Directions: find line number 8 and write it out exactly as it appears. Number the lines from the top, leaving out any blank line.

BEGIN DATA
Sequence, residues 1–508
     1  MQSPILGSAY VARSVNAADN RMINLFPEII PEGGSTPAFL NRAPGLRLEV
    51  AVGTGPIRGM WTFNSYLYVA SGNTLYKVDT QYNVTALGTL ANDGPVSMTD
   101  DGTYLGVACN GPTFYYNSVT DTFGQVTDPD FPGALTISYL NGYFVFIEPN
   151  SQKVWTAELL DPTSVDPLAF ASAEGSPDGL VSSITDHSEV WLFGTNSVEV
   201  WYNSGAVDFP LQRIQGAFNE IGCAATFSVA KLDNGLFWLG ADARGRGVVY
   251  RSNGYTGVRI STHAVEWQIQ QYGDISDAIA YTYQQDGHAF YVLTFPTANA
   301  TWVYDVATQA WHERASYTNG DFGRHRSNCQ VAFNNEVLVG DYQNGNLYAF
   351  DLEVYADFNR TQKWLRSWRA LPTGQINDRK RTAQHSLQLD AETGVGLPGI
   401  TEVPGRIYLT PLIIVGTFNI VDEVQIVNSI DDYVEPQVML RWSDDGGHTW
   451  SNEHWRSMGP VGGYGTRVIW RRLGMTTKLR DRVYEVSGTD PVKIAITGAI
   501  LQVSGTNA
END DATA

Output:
   301  TWVYDVATQA WHERASYTNG DFGRHRSNCQ VAFNNEVLVG DYQNGNLYAF